Kinsmen: A Narrative

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Skeffington, 1906 - 303 pages
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Page 57 - Bitter constraint and sad occasion dear Compels me to disturb your season due; For Lycidas is dead, dead ere his prime, Young Lycidas, and hath not left his peer.
Page 202 - Tell me not, Sweet, I am unkind That from the nunnery Of thy chaste breast and quiet mind, To war and arms I fly. True, a new mistress now I chase, The first foe in the field; And with a stronger faith embrace A sword, a horse, a shield. Yet this inconstancy is such As you too shall adore; I could not love thee, dear, so much, Loved I not honour more.
Page 225 - And Samuel said, As thy sword hath made women childless, so shall thy mother be childless among women.
Page 254 - I do here appeal from you to the righteous Judge of the world, who one day must be your judge and mine, and who always gives out righteous judgments.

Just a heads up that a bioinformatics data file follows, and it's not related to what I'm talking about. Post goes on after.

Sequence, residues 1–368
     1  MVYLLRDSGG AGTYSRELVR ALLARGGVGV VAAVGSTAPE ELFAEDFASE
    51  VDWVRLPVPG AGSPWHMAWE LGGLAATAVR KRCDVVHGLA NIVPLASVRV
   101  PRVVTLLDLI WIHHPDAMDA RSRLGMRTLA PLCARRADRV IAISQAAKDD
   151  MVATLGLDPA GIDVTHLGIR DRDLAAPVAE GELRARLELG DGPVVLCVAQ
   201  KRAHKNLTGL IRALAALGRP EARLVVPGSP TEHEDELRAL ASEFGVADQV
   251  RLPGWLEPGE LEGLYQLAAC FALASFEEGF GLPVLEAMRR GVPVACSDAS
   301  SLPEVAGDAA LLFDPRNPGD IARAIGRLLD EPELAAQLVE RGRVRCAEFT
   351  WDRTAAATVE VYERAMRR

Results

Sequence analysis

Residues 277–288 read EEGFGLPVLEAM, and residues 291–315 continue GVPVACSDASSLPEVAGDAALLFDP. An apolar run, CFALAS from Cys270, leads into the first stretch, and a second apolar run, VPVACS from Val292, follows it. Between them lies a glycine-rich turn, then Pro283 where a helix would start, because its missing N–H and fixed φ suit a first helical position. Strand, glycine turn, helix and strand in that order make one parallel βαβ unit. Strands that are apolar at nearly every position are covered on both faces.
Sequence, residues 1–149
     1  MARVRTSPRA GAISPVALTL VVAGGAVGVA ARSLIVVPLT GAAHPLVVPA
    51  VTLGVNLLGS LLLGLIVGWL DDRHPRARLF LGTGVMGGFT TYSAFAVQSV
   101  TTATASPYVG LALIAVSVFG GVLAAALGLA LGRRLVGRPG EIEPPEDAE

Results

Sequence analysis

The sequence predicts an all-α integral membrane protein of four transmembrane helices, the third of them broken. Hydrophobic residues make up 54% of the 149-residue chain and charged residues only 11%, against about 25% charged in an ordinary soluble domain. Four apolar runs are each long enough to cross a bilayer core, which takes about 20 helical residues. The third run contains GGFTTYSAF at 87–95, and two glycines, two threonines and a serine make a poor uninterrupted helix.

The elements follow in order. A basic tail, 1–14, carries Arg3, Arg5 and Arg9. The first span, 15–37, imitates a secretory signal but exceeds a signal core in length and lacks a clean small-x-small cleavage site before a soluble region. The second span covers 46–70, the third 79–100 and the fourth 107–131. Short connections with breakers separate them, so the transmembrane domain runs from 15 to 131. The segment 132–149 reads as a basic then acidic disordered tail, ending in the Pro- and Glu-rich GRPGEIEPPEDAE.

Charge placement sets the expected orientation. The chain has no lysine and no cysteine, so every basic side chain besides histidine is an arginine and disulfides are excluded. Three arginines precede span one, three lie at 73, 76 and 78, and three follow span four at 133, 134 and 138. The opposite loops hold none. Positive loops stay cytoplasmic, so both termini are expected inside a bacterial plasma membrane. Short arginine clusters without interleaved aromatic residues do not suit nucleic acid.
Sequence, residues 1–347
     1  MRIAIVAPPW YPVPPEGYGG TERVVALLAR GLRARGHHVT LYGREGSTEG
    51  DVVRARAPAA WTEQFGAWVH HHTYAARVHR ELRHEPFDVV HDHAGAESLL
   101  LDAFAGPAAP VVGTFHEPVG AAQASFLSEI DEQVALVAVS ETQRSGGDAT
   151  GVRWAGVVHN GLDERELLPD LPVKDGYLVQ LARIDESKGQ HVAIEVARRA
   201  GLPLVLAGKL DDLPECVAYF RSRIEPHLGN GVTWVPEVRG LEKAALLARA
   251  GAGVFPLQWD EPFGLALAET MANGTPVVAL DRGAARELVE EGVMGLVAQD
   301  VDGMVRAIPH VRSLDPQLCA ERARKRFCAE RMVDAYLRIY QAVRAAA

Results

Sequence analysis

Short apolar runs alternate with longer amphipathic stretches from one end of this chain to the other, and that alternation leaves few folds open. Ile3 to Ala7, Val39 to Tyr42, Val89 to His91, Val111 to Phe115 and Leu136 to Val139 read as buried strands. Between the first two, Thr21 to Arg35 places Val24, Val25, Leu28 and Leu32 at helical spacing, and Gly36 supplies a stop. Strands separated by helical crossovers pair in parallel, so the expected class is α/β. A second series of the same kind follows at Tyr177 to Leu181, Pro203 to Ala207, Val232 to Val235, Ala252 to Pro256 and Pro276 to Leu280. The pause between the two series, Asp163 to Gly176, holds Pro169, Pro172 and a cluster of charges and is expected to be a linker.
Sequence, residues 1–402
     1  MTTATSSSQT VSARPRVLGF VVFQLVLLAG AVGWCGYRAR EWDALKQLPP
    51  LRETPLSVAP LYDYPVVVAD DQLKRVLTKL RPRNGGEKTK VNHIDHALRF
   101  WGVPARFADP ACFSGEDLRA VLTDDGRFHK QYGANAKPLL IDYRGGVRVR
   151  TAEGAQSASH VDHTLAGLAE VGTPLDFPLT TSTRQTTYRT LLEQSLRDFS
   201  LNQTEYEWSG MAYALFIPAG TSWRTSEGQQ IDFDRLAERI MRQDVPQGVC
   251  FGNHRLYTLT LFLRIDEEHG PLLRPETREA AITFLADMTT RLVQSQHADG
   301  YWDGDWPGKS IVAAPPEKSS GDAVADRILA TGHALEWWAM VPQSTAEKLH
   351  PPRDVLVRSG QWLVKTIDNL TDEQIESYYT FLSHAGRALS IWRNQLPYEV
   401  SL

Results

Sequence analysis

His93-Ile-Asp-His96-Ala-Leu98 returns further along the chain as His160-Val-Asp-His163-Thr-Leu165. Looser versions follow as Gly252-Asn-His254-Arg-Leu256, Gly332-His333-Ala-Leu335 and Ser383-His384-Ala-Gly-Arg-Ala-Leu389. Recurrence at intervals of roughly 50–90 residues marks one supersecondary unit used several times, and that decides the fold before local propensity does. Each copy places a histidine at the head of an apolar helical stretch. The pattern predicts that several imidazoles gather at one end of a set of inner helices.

Page 135 - For my own part, I am in your power, and resolved not to leave that foul title of Traitor as an inheritance upon my posterity; you may take my head from my shoulders, but not my heart from my sovereign.
Page 91 - Half a yard from my head lay a waggon wheel, With its axle twisted and bent like a crank, But no hurt was upon me that I could feel. Then I heard coming downward the sound of speech, And, struggling up to the top, I found That engine and tender lay piled...
Page 256 - He said he was much beholden to the parliament for the honour they put on him ; ' for,' says he, ' I think it a greater honour to have my head standing on the port of this town, for this quarrel, than to have my picture in the king's bedchamber. I am beholden to you that, lest my loyalty should be forgotten, ye have appointed five of your most eminent towns to bear witness of it to posterity.
Page 254 - My resolution is to carry along fidelity and honour to the grave.
Page 26 - Himself drawing near and communing with us — we shall realise that even here we are come to the heavenly Jerusalem, and to "the spirits of just men made perfect," and forget awhile the sorrows, and the shadows, and the separations of this mortal life.
Page 125 - It fell about the Lammas tide, When the muir men win their hay, The doughty Douglas bound him to ride, Into England, to drive a prey. For they hae burnt the Dales o' Tyne And part of Bamburghshire, and three good towers On Redeswire Fells, they left them all on fire.

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